Laura evidently remained close to Gertrude Murray throughout her life and received a legacy of £50.00 under her will when she died on 01/08/1937. Following Laura's father's death, she stated that her next of kin was a cousin, Katherine Margaret Ann George of 'Brooklands', Pendine, Laugharne, Carmarthenshire (born 02/09/1898, the daughter of Thomas and Alice George; died 31/01/1939), with whom she stayed on a number of occasions while on leave. This is notwithstanding the fact that her mother did not die (in New Zealand) until 1940. In 1939 Laura was living in retirement at Cherry Tree Cottage, Copden Oak, Biddenden, Kent and in 1947 moved to Walden Cottage, Sempstead Lane, Ewhurst Green, Sussex, possibly using a bequest she had received the previous year to purchase the property. In an exchange of correspondence concerning her pension entitlement in 1947 she referred to 'having recently benefited from the death of a relative', her aunt Alice George, who had died on 12/02/1946 (her uncle, Thomas George, had died on 14/11/1919). Katherine had left a life interest in all of her property to her mother when she died, but on Alice's death this passed to Laura.
In another such exchange in 1955, it is clear that one of her investments was a 5% mortgage on Bwichyr'nos Farm, Goodwick, Pembrokeshire to T.S. Rees for £750.
She never married and died at The Mount Nursing Home, 6 The Mount, St Leonard's-on-Sea, Sussex, England on 23/02/1969, apparently with no close living relatives. Probate was granted at Lewes, Sussex on 06/05/1969, her estate being valued at £6,703. She appointed National Provincial Bank as her executor and the estate was divided between Hilda M. Jones and Honorine Oonagh Couldrey (née Blackley, 09/11/1904-07/01/1973).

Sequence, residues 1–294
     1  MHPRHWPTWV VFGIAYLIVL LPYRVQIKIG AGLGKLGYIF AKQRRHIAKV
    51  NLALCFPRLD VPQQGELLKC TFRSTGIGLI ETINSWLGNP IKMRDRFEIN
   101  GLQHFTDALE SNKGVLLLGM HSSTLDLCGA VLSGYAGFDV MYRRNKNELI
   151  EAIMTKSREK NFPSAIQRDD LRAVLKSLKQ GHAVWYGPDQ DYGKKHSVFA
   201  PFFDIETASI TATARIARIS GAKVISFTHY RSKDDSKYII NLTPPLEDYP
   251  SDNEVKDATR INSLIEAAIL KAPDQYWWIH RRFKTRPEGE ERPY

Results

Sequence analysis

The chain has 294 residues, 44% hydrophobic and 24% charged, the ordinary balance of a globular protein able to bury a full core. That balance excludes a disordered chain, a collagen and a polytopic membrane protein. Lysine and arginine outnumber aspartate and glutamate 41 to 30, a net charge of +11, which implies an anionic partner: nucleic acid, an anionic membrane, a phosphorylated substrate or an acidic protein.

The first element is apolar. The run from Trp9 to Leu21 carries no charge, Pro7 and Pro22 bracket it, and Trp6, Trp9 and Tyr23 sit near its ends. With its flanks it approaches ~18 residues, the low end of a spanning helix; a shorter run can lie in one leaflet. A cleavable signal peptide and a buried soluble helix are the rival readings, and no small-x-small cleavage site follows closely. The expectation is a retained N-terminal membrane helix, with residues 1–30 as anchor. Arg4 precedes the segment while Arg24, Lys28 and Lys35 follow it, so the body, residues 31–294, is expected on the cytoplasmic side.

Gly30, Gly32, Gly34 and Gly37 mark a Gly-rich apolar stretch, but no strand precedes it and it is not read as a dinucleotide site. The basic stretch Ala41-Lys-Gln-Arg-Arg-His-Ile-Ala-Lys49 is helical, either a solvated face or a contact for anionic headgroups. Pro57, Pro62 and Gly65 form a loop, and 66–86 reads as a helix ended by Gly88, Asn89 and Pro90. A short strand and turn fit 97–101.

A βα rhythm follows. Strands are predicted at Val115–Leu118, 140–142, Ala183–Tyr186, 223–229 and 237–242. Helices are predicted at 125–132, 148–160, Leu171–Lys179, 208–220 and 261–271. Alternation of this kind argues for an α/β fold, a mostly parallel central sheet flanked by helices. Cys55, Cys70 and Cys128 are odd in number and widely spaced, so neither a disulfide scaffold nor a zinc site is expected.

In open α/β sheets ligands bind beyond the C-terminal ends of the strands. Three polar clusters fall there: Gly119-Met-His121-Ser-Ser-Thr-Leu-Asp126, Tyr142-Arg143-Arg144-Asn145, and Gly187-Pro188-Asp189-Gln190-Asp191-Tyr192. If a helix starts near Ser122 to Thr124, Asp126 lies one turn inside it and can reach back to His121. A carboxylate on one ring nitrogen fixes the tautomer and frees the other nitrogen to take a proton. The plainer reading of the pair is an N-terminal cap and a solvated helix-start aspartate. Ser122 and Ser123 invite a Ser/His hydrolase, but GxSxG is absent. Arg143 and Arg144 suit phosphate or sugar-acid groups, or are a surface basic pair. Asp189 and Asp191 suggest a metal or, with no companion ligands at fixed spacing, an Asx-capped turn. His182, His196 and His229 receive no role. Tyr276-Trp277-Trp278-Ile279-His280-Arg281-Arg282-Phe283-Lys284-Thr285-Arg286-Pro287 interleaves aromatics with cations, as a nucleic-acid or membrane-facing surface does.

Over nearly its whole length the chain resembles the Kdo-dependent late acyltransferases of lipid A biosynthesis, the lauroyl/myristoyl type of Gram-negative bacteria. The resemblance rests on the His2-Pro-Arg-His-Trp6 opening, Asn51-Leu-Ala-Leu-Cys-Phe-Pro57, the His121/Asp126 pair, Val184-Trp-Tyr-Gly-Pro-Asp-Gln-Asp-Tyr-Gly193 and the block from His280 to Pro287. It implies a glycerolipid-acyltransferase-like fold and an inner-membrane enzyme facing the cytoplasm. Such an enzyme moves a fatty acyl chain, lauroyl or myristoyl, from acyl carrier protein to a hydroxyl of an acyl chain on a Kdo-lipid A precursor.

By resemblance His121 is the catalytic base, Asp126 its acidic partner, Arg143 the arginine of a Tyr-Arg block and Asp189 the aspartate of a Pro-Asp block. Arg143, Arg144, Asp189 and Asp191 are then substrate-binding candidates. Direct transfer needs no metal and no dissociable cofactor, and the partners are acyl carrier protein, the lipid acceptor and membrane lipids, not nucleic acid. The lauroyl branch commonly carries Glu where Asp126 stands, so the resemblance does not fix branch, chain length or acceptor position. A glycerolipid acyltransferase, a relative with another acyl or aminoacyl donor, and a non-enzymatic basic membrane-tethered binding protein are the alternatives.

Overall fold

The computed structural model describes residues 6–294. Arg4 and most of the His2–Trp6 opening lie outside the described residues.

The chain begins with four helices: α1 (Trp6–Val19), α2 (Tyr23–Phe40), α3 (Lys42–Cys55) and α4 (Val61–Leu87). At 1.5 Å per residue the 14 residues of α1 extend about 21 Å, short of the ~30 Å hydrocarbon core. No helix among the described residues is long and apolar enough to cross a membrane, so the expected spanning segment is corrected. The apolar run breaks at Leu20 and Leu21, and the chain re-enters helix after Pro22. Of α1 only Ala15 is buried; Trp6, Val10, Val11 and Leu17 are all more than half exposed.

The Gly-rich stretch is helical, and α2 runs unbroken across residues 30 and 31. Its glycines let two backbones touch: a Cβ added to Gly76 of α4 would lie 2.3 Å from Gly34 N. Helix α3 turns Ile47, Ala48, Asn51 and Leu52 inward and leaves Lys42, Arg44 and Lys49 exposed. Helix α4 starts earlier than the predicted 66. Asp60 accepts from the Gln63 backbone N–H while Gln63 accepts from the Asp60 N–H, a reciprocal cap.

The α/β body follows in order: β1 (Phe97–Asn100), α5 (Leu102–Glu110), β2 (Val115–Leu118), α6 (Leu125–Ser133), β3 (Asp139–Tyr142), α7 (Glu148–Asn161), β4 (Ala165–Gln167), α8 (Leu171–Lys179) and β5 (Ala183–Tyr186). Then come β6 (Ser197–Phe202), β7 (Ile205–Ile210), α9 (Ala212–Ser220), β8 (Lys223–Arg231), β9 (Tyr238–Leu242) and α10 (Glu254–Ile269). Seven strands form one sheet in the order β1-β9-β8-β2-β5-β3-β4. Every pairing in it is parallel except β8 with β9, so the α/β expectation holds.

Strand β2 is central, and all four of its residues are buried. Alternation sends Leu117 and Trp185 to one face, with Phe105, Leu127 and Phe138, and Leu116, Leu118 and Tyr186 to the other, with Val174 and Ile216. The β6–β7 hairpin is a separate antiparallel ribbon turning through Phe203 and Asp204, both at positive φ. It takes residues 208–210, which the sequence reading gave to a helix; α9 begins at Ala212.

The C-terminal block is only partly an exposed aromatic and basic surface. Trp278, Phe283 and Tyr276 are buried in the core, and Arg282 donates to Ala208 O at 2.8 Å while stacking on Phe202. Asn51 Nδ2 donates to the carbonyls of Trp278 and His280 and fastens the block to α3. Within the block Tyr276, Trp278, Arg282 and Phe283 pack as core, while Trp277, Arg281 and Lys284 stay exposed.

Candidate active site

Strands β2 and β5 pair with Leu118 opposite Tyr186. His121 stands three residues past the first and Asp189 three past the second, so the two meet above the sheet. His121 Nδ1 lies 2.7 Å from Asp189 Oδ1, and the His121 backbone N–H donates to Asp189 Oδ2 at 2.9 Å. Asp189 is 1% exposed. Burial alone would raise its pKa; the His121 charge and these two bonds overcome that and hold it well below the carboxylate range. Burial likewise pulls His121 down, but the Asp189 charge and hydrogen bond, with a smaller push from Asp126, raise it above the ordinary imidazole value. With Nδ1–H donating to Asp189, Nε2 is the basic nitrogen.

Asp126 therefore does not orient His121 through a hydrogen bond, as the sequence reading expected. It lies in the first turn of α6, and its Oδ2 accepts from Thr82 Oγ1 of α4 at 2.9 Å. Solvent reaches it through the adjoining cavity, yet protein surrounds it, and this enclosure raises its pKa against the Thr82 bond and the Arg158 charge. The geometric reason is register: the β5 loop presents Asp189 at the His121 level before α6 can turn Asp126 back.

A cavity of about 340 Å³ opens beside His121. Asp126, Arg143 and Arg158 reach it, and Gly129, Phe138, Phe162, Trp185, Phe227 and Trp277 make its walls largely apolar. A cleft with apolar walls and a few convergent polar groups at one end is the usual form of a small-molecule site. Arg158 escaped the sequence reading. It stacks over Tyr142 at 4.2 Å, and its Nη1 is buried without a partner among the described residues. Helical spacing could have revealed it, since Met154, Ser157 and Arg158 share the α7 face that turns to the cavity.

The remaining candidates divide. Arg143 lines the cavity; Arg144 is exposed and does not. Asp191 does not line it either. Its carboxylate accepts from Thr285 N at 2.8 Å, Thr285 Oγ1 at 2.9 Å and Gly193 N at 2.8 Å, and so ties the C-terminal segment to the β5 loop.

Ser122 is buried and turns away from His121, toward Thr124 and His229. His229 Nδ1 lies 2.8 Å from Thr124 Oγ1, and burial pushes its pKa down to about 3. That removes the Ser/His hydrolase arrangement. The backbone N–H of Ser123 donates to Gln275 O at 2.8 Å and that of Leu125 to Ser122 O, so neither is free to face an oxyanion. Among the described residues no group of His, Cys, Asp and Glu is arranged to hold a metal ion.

Her wish was to be cremated, which was carried out at Hastings Crematorium on 27/02/1969; her ashes were scattered there in the Garden of Remembrance and sadly there is not even an entry in the Book of Remembrance to recall her passing.
Our grateful thanks to John W Hawkins for kindly sharing his research. His acknowledgements reads:
I am extremely grateful to Sue Baker Wilson, QSM for pointing me in the direction of several sources and for her general support. Cheryl Ward and Sue Light have also written on Laura James.
David Philip James, MRCS (Eng), LRCP (Lond), FRCS (Eng), (1848-1916).
David James was born in Narberth, Carmarthenshire, Wales in Dec Qtr 1847, the son of John James, a farmer, and his wife Elizabeth; his younger brother, George, was born in Jun Qtr 1849 and he also had an older step-brother, Thomas George (born 1833; died 14/11/1919).
David died after a short illness at his home in Sydney Street, Wellington, New Zealand on 24/07/1916. He was educated at the Grammar Schools in Carmarthen and Haverfordwest, then studying medicine at St Bart's Hospital, London, where he became gold medallist in clinical medicine in 1871. He also studied at the Royal Ophthalmic Hospital. He gained his qualifications on the following dates: MRCS (Eng) 1871; LRCP (Lond) 1886; FRCS (Eng) 1887. He was first registered as a medical practitioner in New Zealand on 22/04/1873, initially settling in Reefton, and was a surgeon at the Reefton Hospital 1874-6. He practised in Hokitika from 1876 to 1884 and from 1878 to 1884 was Surgeon Superintendent at the Westland Hospital.